BOSTON - As the visiting dugout emptied this afternoon at Fenway Park, the 162nd game completed and players in a rush to eat, shower and catch their flights, there was no evidence of the grim atmosphere that carried so many of them out the door last year.
The Orioles felt good about the effort and energy in 2019. They’d like to cut back on the losses, of course, but seem confident that it’s only a matter of time. They understand the process and the patience that it requires.
There’s more harmony within the ranks and less uncertainty about the future.
The sixth inning bit them again today, with more bullpen issues that dissolved a lead, and Evan Phillips allowed a run in the seventh to break his September streak. Jonathan Villar tied the game in the eighth with a two-out RBI single off Matt Barnes and Stevie Wilkerson robbed Jackie Bradley Jr. of a two-run homer in the bottom half with an incredible leaping catch at the short fence in right field.
The Orioles weren’t going away quietly. That hasn’t been their style.
Rookie Dillon Tate walked Mookie Betts leading off the ninth, a sure-fire way to get burned. Rafael Devers sent a bouncer to the right side that deflected off Richie Martin’s glove and Betts managed to score after slowing at third base, handing the Orioles a 5-4 loss.
Wilkerson hesitated, trotted toward the infield and lobbed the throw, the last one of the season, after earlier making his spectacular catch.
“I thought the ball took, that second hop took a funny hop on Richie,” said manager Brandon Hyde. “It really boomeranged. It was a tough play for him. And Wilkerson was playing no-doubles, playing a little deeper than normal, so had to sprint in. Mookie with just a really instinctual baserunning play. He’s a great player, great instincts.
“Hopefully we’ll learn from that play to get the ball in a little quicker, but hats off to them. Hats off to Mookie for making a really good play.”
“The ball hit off Richie’s glove,” Wilkerson said, “I came in and got it and I’ve got to do a better job of picking it up and just getting the ball in. Obviously it’s something I’ll learn from but not the way you want to end it.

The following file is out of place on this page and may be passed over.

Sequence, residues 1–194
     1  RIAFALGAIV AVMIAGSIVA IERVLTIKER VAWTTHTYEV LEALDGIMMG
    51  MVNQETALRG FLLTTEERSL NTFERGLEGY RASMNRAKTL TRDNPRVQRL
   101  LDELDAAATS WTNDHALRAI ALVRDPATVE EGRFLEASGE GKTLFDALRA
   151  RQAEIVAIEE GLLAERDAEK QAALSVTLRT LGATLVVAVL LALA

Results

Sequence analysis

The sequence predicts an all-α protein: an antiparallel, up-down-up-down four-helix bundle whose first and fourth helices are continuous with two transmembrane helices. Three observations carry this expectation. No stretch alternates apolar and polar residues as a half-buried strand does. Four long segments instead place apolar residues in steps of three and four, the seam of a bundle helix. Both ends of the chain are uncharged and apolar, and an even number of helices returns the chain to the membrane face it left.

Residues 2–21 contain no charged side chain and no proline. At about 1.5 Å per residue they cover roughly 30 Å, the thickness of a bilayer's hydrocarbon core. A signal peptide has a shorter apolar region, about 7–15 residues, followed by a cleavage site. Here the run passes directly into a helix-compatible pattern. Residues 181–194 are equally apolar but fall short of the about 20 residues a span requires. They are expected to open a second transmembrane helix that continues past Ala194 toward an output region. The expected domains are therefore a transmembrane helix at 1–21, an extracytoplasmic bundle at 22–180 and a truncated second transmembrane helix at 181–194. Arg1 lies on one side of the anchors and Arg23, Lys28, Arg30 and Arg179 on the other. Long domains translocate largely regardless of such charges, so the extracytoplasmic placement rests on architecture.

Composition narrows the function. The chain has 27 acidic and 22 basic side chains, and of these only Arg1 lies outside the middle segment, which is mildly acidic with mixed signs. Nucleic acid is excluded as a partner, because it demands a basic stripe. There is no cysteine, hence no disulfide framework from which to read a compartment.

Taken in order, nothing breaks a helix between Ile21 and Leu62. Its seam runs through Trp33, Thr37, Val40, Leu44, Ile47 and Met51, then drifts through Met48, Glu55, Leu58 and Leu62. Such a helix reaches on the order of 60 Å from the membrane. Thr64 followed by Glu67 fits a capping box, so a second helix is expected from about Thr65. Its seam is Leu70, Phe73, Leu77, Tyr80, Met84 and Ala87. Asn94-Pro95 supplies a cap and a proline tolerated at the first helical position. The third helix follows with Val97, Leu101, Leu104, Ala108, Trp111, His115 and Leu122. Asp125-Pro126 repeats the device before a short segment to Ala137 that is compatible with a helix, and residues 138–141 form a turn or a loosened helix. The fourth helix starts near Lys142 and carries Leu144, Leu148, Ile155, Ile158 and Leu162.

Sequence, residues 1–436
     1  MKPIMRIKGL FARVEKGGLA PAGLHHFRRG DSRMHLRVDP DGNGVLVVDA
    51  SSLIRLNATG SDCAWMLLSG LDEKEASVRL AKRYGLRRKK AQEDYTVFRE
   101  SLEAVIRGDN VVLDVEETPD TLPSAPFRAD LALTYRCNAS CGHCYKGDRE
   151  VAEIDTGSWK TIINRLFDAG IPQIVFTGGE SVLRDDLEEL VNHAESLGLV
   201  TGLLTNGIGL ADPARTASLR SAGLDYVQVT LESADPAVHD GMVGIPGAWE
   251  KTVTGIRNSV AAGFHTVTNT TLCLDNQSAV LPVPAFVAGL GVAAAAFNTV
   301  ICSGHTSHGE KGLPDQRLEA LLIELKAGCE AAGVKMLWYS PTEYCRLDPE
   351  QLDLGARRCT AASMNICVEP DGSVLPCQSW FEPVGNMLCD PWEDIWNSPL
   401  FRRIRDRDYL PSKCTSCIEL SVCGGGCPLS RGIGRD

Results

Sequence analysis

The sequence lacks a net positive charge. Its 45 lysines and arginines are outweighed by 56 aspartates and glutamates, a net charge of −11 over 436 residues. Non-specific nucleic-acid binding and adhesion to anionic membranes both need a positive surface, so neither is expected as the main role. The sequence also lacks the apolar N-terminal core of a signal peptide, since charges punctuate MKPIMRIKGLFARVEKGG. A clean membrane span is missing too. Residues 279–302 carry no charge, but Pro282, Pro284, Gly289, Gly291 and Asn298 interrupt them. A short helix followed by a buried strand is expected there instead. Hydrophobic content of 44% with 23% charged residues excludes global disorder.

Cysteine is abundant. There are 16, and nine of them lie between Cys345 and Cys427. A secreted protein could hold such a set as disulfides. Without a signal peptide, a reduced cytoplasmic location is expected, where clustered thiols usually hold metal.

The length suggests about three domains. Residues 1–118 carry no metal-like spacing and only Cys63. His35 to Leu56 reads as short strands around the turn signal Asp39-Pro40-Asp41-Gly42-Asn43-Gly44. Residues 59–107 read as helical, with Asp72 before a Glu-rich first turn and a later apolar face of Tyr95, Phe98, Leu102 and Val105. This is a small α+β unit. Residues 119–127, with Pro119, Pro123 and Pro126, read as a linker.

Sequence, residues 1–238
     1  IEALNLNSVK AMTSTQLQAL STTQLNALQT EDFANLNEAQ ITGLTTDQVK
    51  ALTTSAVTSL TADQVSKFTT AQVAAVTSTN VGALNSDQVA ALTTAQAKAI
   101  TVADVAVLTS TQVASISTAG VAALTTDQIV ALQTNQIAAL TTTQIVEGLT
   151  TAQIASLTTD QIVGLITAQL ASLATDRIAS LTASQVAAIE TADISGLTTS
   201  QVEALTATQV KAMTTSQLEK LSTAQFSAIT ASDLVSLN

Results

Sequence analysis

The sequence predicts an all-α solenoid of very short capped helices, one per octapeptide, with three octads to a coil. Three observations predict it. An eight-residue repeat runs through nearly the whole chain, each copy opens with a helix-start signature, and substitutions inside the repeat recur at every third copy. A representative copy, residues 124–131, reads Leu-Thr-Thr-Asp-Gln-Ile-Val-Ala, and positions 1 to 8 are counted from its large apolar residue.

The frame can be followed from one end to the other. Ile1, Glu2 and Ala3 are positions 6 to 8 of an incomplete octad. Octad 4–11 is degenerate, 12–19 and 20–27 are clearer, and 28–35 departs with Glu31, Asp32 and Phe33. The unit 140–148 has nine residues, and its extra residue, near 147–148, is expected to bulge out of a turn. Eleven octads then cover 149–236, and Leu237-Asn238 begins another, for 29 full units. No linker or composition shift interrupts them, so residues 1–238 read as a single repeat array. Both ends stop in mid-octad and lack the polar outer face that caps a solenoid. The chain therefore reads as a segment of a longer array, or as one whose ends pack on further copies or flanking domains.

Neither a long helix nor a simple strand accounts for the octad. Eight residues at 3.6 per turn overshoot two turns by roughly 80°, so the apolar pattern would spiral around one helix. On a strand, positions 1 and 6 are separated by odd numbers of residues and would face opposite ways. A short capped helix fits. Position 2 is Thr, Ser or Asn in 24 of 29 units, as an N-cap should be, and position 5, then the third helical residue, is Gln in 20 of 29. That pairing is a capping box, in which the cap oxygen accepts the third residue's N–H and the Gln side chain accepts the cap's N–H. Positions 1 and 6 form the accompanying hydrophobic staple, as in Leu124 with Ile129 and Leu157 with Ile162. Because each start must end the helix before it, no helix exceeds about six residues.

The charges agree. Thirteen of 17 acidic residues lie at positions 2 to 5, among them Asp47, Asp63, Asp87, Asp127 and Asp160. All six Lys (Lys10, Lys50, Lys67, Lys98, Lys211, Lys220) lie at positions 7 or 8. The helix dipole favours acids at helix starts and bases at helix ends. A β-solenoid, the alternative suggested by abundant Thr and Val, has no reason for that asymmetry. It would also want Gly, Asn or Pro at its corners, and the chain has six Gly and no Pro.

Christian Vázquez singled off Mychal Givens to lead off the eighth and pinch-runner Chris Owings stole second base. Brock Holt singled against the shift to put runners on the corners with no outs, but Marco Hernández lined into a 4-5 double play and Wilkerson raced to the fence on Bradley’s drive, rolled past the higher portion and reached into the seats to make the grab.
“I thought that ball was 30 rows in off the bat,” Hyde said. “I just put my head down and then I see him tracking it and I’m waiting for him to fall over into the bullpen or into the crowd, thinking he had no chance at it, and all of sudden he comes out of it with the ball. Just one of the better catches I’ve ever seen.
“I couldn’t believe it. When he went in I didn’t know if he caught the ball for not. I was thinking the worst because off the bat I was already (thinking) in my mind that that was a homer, so when I saw our bullpen’s reaction, I looked a little closer to see, I saw him put his glove up like he had the ball. I was in shock. Then I started thinking about , OK, it’s still tied, we’ve got to score here off (Brandon) Workman, which is a tough task. “
Givens pumped his fist, yelled and waited to embrace Wilkerson, who had a rough day in the field before making a play that probably tops Austin Hays’ leaping catch that robbed Vladimir Guerrero Jr. at Camden Yards. The dugout erupted as Hays rushed to Wilkerson and celebrated with him.
“I just saw the ball go up. I knew he put a charge into it and I tried to get back to the fence and got up and made an athletic play,” Wilkerson said.
“When I was tracking it down I had a bead on it, so I knew if I had the space to get to it I’d have a chance to get it. But going back on them, you never know if you’re going to get beat by the wall or not. But I had a good bead on it and just jumped up and grabbed it.”
And basked in the reaction of his teammates.
“Everybody’s was pretty awesome,” he said. “Givens was obviously thrilled, but everyone was just glad we kept the game tied up right there and stayed alive.
“It was pretty cool. Having everybody behind you and getting everybody fired up and trying to get a little momentum and get the offense going, put some runs on the board, but it was pretty cool to have everyone behind me like that.”
The 162th game capped off a bizarre season for Wilkerson, who did a little bit of everything, including earning the nickname “Dr. Poo Poo” for his pitching.
“He’s just a really good athlete,” Hyde said. “He’s played all around the field for us. Never played center field in his life. He played center field in a bunch of games for us. I just think he loves to play. He plays like he’s in the backyard playing Wiffle Ball and he kind of typified his year a little bit. Just an outstanding play in a big spot.”
Said Wilkerson: “Well, I never played center field in my life before this season and I think I played the most games in center field on this team. And I’ve never pitched before in my life and I got the first save in the history of the league. And then I think I tried to rob about 50 homers on the year and came up short on all of them until this one, so it’s been a rollercoaster year and I’m looking forward to just decompressing and reflecting on it here in a couple days.”
Eight-time Gold Glove winner and Red Sox legend Dwight Evans texted Dennis Eckersley, now one of the team’s broadcaster, that he just witnessed “the greatest catch ever by a right-fielder at Fenway Park.”